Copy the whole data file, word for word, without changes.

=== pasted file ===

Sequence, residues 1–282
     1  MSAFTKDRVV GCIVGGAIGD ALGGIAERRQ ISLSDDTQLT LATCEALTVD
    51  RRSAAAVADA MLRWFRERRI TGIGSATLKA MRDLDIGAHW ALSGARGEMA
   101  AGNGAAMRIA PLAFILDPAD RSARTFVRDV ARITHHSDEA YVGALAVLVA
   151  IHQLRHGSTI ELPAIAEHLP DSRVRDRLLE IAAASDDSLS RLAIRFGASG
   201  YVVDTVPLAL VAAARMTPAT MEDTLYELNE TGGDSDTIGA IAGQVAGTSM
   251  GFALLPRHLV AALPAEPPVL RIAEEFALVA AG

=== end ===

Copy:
Sequence, residues 1–282
     1  MSAFTKDRVV GCIVGGAIGD ALGGIAERRQ ISLSDDTQLT LATCEALTVD
    51  RRSAAAVADA MLRWFRERRI TGIGSATLKA MRDLDIGAHW ALSGARGEMA
   101  AGNGAAMRIA PLAFILDPAD RSARTFVRDV ARITHHSDEA YVGALAVLVA
   151  IHQLRHGSTI ELPAIAEHLP DSRVRDRLLE IAAASDDSLS RLAIRFGASG
   201  YVVDTVPLAL VAAARMTPAT MEDTLYELNE TGGDSDTIGA IAGQVAGTSM
   251  GFALLPRHLV AALPAEPPVL RIAEEFALVA AG